Whereas in Japan, they bent over backwards to bring Shinkansen service to where the people already are. A significant portion of Shinkansen stations (80% at least?) offer a connection to existing regional rail networks, and didn’t just pop up in the middle of nowhere, unlike what MyHSR is proposing to do here. Effort is even taken to bring the Shinkansen downtown, like at Tokyo Station, Kyoto, Hiroshima, Sendai, and Fukuoka. An exception is Osaka, where it was deemed just too difficult to bring the Shinkansen to Osaka Station. Even so, Shin-Osaka is just five minutes away.
The worse offender would arguably be the Shin-Hakodate-Hokuto terminal of the Tohoku-Hokkaido Shinkansen, but it was picked mainly because it was already on existing rail lines, and a connection to Hakodate proper was provided by said existing rail lines.
But there’s no such development in Malaysia. The only connections to mainline Malaysian rail networks are at Bandar Malaysia, and at Jurong there’s a 600m walk to Jurong East MRT. Perhaps the KTM branch to Tanjung Pelepas can be diverted to the Johor Bahru (Iskandar Malaysia) station as well… Everywhere else, it’s likely some enterprising businessman will make a big buck offering shuttle bus services. But who’s going to do that?
Even if ticket prices are dirt cheap, it’s going to be hard to convince people who are already there, albeit not very near, to go use the HSR. And if the HSR doesn’t have any users, it’ll be hard to get developers to buy in on the new development opportunities as well. A vicious cycle, as they say.
Terminal 5… and 6… and 7?
With the shuttle services done, now let’s look at the express service. Jurong to Bandar Malaysia in 90 minutes. That’s comparable to flying, even assuming the same starting point of Raffles Place and KL Sentral respectively. It helps that KLIA is actually further away from downtown KL than Bandar Malaysia.
In fact, it was recently reported that in terms of aircraft movements, the Singapore Changi-Kuala Lumpur route is the busiest international air route in the world, just to provide an indicator of the demand that exists along the route. With more than 40 departures a day, mostly using aircraft like the Boeing 737 and Airbus A320, that’s about one every 24 minutes.
The reason why I even mentioned Terminal 5 was because I was talking to someone a while back, who said that with the building of Terminal 5 at Changi, do we even need the HSR? Surely more flights would help accommodate that demand, wouldn’t it? Well, it’s simple. A 10-car HSR train is proposed to carry about 700–800 passengers. Even assuming an hourly service to KL, that figure is equivalent to four to five 737s/A320s, each of which can seat around 150–180 passengers. Four to five such planes would mean a departure every 12 to 15 minutes — nearly twice the amount of planes on the route now, just to replace that hourly train.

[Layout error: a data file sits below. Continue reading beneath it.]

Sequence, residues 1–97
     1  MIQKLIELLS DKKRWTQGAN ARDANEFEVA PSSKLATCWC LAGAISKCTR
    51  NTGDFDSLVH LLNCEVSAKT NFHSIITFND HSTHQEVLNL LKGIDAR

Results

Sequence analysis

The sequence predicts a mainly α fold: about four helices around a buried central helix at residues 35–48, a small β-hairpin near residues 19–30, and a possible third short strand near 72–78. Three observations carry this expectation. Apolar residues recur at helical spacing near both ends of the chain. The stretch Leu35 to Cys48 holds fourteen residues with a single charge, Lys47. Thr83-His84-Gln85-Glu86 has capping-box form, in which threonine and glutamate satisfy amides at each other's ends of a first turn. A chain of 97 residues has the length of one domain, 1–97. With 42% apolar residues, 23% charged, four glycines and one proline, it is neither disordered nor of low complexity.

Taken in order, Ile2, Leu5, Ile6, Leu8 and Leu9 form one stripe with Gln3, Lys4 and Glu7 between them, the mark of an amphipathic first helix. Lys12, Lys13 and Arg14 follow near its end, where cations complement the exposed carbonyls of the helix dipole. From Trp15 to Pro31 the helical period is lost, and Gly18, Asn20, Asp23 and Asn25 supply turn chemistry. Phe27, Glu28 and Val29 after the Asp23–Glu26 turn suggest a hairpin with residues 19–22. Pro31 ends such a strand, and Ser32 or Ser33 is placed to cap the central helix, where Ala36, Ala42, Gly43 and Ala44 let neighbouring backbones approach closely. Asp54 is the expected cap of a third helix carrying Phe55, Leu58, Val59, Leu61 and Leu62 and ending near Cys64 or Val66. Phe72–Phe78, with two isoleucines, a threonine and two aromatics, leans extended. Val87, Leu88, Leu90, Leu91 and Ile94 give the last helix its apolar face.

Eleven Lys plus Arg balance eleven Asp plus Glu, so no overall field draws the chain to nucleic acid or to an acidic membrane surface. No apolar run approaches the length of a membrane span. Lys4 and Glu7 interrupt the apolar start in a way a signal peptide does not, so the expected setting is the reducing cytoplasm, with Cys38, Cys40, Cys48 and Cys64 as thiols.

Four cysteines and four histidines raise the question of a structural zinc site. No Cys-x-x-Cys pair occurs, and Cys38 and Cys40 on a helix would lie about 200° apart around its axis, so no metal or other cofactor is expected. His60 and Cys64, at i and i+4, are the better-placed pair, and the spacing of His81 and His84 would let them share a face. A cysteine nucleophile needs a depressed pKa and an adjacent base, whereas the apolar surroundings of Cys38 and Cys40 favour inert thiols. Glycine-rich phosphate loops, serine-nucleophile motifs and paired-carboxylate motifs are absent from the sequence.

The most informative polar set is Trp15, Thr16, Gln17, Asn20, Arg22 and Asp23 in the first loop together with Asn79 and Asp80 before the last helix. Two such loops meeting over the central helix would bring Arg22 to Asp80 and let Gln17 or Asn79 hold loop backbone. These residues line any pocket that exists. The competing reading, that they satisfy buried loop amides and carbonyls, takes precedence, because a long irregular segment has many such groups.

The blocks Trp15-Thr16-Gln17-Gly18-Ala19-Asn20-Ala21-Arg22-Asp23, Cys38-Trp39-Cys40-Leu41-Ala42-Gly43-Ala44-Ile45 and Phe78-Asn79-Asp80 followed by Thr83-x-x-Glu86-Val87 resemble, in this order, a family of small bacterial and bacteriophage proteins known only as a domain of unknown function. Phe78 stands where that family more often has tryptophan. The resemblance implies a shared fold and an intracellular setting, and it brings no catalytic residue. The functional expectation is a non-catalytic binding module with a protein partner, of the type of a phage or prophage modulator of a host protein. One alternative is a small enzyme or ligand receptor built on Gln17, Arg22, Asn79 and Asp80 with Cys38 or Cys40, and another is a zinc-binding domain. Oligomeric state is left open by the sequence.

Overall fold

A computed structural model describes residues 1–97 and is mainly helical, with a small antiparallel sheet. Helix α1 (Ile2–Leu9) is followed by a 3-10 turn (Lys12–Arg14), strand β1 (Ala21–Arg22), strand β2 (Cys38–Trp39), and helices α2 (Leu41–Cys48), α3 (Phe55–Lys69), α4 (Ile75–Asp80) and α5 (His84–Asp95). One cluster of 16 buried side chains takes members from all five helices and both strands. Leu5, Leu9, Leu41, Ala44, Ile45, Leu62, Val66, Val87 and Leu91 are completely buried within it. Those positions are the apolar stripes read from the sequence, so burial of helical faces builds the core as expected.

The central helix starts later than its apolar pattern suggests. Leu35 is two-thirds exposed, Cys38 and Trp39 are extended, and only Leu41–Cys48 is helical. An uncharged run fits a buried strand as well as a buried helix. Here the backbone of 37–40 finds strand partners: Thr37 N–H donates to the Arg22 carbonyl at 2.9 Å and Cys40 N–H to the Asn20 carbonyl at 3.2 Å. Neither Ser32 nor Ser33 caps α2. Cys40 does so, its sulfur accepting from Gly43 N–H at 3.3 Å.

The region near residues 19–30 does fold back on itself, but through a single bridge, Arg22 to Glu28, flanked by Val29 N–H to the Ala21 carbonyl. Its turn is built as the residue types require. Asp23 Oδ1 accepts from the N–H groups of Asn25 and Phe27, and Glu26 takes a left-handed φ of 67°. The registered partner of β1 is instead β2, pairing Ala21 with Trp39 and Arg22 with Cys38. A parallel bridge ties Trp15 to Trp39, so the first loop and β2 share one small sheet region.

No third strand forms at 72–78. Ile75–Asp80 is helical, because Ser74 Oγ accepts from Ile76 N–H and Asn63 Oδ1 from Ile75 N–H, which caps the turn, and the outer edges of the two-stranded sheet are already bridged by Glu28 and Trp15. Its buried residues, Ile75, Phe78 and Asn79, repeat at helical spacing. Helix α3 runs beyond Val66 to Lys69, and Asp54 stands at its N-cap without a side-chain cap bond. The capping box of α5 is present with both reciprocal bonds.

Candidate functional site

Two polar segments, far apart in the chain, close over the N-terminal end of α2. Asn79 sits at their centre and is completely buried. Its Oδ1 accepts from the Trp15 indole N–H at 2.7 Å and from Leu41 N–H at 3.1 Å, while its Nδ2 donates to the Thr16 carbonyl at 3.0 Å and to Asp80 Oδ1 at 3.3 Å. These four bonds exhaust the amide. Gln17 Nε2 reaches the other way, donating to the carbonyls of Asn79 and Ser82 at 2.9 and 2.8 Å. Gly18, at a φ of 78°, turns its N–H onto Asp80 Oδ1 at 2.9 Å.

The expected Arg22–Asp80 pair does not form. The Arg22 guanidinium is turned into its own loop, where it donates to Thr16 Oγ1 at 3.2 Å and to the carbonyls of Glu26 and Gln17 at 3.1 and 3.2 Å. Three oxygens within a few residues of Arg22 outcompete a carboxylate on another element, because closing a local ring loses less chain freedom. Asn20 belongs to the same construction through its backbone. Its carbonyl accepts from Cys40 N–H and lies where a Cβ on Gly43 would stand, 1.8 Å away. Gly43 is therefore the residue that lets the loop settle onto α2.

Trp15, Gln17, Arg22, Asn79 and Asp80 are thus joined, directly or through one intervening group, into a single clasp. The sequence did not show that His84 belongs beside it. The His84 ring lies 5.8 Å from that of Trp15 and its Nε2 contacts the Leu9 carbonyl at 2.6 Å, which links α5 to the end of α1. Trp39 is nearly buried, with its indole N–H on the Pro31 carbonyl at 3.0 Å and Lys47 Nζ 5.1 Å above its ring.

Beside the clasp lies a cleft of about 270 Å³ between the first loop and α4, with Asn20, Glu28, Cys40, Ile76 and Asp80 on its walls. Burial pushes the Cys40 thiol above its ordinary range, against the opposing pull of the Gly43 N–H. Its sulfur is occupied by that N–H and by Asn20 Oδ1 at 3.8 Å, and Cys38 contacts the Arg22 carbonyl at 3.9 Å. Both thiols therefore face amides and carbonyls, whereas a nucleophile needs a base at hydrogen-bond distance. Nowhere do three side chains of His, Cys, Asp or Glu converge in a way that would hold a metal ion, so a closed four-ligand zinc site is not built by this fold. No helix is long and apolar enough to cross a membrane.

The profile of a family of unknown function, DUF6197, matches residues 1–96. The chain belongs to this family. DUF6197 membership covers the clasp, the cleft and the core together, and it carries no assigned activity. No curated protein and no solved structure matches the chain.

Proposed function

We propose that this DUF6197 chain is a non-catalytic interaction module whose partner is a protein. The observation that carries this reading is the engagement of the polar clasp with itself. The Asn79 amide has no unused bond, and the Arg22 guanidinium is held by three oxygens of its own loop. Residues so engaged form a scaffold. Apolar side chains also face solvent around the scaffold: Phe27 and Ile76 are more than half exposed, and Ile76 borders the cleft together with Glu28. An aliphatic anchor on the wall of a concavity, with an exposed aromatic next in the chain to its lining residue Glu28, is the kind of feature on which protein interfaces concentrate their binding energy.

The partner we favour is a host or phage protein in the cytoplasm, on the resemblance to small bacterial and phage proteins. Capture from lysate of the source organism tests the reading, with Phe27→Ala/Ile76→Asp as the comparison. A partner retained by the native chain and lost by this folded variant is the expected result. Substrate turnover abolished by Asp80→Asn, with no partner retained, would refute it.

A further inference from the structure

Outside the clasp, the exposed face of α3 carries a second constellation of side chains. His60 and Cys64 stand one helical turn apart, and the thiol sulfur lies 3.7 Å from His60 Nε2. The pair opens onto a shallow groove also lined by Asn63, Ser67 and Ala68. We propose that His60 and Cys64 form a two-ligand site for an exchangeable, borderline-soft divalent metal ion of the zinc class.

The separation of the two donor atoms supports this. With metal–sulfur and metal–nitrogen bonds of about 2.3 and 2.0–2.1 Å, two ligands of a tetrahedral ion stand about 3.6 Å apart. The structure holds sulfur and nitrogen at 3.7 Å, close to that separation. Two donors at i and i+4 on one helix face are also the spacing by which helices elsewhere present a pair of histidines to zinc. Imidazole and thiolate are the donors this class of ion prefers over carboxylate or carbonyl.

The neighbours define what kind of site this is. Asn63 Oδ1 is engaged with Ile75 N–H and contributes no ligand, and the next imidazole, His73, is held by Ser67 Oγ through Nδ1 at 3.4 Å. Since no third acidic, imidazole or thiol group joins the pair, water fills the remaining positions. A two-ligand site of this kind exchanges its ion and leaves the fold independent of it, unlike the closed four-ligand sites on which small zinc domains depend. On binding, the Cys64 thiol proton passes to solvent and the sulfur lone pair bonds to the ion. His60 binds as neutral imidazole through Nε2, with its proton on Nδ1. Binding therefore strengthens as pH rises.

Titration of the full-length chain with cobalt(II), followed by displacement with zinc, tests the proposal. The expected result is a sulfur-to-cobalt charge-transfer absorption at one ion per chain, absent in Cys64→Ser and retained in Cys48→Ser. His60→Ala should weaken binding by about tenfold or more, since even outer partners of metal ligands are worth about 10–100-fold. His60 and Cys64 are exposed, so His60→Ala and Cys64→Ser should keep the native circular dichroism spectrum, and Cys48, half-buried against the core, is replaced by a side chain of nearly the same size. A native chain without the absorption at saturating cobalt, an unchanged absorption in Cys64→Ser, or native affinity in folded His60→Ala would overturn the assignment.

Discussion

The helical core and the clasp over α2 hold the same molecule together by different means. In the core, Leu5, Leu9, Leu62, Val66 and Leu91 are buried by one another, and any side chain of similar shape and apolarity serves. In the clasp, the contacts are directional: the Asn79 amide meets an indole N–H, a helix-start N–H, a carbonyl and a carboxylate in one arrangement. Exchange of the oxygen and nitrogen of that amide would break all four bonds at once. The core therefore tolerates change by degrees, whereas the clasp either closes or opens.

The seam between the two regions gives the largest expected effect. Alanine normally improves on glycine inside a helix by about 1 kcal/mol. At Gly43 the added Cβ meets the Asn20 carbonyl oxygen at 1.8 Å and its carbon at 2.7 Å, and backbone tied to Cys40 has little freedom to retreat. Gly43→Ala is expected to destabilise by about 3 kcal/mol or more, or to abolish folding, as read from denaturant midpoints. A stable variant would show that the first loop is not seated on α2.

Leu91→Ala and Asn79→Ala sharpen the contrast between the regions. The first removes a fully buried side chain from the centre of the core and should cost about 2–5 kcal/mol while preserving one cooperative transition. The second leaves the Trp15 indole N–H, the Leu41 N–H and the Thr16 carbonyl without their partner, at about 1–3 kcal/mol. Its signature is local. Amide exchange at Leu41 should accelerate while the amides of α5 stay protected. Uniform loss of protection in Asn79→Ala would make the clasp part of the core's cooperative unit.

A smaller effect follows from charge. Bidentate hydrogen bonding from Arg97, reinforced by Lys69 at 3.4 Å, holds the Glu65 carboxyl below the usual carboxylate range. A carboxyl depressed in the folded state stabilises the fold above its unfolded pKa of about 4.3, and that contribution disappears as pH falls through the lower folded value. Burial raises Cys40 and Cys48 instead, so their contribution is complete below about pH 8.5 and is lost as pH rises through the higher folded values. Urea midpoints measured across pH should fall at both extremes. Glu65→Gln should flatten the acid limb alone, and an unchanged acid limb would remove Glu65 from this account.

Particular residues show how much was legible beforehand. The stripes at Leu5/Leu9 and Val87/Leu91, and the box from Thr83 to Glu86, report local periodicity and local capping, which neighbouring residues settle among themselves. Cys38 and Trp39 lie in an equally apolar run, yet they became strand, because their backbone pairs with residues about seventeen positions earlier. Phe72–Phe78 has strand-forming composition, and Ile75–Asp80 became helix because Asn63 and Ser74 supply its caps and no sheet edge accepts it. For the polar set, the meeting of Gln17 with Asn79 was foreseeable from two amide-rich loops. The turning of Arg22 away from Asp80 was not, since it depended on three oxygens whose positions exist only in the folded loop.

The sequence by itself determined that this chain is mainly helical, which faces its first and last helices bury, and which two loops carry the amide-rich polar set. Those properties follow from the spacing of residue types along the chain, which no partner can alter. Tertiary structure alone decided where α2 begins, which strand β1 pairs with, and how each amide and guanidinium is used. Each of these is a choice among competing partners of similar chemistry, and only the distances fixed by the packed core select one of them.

What does this mean? More congested skies and more congested airports. Terminal 5 and the third runway may not be enough. In fact, I view the HSR project as a way to provide an effective increase to the capacity of airports as well, although not by much. For every flight to KL replaced by the HSR, another flight to somewhere further afield can be started. And for Changi, with aspirations to become a regional hub, it’s going to need all the capacity it can get.
The same can be said for KL, though.
Being good neighbours
All those concerns in mind, I think it’s important for us not to be selfish. We must acknowledge that the HSR project, while bringing big dividends to us, is first and foremost Malaysian. And not just KL, it must also bring a concrete benefit to the people along the way — like the farmer whose land got repossessed to build the HSR, or the small-town resident who wants to make his hometown great again.
But yet at the same time it’s also unfair to both countries to place an artificial limit on how much Singapore and Malaysia can develop together by not building the HSR. Like it or not, we have had a long, intertwined history, and the prosperity of one country very much depends on the prosperity of the other.
And even if we do prosper, even if closer links between Singapore and KL do spur an economic synergy between both nations, is it alright for only some to benefit at the expense of others? If we want to be good neighbours, we should help as much as we can, but at the end of the day, whether to go on with the project at all? That’s for Tun Mahathir and his administration to decide.
Not me. Maybe that’s why I’m not cut out for politics or policymaking.